Uplifting Our Translation Standards With The Community Through Technology
Members of the National Translation Committee and the Language Resource Panels,
Friends of SG Translate Together,
Ladies and Gentlemen,
1. A very good morning to all. Thank you for joining us for the launch of the SG Translate Together Web Portal, or SGTT in short.
Importance of translation
2. Translation bridges communication gaps between people from different language-speaking groups. This is especially important in our multi-racial and multi-lingual society, where it serves to strengthen mutual understanding and preserve the harmonious relationship between our communities.
3. Translation is a priority for the Government. The formation of the National Translation Committee in 2014, together with the Resource Panels for Chinese, Malay and Tamil underscores this commitment. I greatly appreciate the strong support from fellow members over the years. Several of them are here today. Thank you very much.
4. More recently, we saw the importance of translation during the COVID-19 pandemic. There was a pressing need for information such as guidelines on safe management measures and advisories on vaccination to be quickly shared with everyone in Singapore, especially our seniors. We had to translate these guidelines and advisories into our Mother Tongues, accurately and in a way that Singaporeans could understand. This required an understanding of the local cultural context and nuances in the use of the language.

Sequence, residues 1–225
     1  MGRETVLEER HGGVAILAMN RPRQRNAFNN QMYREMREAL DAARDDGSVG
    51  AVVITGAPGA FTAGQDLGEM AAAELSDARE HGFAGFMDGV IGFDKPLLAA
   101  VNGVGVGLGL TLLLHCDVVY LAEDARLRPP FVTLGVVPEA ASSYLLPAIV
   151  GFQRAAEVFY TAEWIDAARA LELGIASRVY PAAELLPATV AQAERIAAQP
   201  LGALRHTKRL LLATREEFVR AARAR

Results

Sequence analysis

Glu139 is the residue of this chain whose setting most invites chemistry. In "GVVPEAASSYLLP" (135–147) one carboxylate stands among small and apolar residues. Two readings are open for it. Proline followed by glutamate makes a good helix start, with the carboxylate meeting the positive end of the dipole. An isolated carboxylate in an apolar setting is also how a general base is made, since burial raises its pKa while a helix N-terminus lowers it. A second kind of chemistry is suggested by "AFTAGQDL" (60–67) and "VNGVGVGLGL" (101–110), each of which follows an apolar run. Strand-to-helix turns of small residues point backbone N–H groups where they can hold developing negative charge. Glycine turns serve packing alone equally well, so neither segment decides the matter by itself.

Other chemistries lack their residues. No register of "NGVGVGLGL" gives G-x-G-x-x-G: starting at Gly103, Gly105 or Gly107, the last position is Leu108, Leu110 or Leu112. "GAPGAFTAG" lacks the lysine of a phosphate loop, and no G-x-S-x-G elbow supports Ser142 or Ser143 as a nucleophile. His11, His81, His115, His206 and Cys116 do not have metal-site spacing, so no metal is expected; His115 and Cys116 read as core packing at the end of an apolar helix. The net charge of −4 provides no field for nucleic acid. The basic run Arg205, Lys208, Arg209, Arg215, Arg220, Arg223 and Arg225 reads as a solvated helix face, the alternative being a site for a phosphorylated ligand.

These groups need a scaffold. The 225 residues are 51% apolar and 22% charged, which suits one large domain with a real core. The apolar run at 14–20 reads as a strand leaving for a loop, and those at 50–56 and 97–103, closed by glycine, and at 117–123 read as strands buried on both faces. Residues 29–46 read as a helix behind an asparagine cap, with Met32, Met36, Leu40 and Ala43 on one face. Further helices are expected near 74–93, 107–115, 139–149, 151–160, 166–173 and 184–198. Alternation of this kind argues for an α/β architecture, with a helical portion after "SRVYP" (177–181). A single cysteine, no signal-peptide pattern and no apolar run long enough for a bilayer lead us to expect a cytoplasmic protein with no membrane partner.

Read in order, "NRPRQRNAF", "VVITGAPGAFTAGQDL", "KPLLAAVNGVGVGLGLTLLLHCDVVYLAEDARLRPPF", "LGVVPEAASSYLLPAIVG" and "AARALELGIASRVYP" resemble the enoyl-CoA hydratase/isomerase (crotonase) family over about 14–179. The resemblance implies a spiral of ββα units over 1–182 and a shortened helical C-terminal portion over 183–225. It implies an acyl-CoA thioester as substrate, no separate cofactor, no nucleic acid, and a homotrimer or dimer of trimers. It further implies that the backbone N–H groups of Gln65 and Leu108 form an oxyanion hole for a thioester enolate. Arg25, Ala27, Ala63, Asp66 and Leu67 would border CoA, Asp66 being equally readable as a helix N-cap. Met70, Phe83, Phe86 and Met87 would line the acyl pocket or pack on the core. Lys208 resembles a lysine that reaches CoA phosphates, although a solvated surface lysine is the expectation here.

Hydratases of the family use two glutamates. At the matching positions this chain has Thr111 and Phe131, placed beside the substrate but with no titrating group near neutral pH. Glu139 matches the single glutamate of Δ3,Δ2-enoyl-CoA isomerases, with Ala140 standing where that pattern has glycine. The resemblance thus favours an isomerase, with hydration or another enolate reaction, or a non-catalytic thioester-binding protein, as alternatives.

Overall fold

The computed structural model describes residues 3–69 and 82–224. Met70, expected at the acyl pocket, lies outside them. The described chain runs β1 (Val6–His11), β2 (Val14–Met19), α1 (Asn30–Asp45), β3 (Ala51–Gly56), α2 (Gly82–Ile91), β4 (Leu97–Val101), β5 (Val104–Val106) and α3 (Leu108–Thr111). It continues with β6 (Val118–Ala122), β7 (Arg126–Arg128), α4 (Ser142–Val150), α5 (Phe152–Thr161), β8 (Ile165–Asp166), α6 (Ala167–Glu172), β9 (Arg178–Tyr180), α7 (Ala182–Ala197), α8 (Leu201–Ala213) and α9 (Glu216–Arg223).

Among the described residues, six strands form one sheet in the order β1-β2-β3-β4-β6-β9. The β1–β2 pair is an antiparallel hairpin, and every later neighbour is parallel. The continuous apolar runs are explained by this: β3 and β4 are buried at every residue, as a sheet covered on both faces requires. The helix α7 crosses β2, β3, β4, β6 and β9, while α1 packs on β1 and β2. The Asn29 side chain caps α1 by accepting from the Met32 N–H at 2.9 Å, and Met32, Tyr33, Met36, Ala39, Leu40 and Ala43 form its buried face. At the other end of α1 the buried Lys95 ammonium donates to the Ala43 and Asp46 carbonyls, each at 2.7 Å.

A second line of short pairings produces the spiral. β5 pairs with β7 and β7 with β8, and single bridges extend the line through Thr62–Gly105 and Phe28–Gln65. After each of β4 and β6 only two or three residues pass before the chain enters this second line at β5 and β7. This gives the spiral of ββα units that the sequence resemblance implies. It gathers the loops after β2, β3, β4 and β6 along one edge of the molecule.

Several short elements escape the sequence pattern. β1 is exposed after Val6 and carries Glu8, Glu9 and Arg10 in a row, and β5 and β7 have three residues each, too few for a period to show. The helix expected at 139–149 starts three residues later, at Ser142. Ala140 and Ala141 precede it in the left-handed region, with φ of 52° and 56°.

5. Technology played a vital role in this effort. The machine translation engine, SG Translate that was co-developed by MCI and A*STAR’s Institute for Infocomm Research, produced the drafts which were then reviewed by our translators. This reduced the time taken to translate materials such as Gov.sg WhatsApp messages, enabling us to disseminate information in a timely manner.
6. SGTT, the web portal that we are launching today is powered by this SG Translate engine and we are opening this tool for the public’s use.
7. SGTT which is developed in collaboration with GovTech, is a platform where everyone can get involved, whether you are a professional translator seeking to verify official translated terms, or an enthusiast keen to contribute your translations or just someone looking for assistance with translation.
8. Users can use SGTT to generate bi-directional translations in our four official languages, English, Tamil, Malay and Chinese. Tapping into the Government’s repositories of translated terms, SGTT can produce localised translations that are contextualised for our Singapore audience.
9. It is designed to translate uniquely Singaporean terms such as “CDC Vouchers”, “Community Centres” and “Central Provident Fund or CPF” into Chinese, Malay, and Tamil. Users who just need the translated term can go directly to the “Resources” tab on SGTT to access the official glossaries.
10. However, other users may need further assistance with translation. This is where the SG Translate engine comes in handy. It will be able to intelligently generate translations according to the context.
11. For example, you may be trying to explain the new tranche of CDC vouchers to your grandparents or elderly neighbours. Under the “Translate” tab on SGTT, you can input your explanation such as “You can use your CDC vouchers at hawker centres” and generate a translated version in your preferred language.
12. With that, you have your explanation on CDC vouchers which your family members or neighbours can understand more easily. It is truly a tool made-in-Singapore for Singaporeans.
Supporting the community of Citizen Translators